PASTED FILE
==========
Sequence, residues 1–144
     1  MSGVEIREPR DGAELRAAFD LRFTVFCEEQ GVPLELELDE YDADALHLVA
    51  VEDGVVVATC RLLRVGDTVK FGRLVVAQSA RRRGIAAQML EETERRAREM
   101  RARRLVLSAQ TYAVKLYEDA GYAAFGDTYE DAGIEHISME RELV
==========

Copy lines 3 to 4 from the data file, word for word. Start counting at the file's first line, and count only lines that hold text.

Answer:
    51  VEDGVVVATC RLLRVGDTVK FGRLVVAQSA RRRGIAAQML EETERRAREM
   101  RARRLVLSAQ TYAVKLYEDA GYAAFGDTYE DAGIEHISME RELV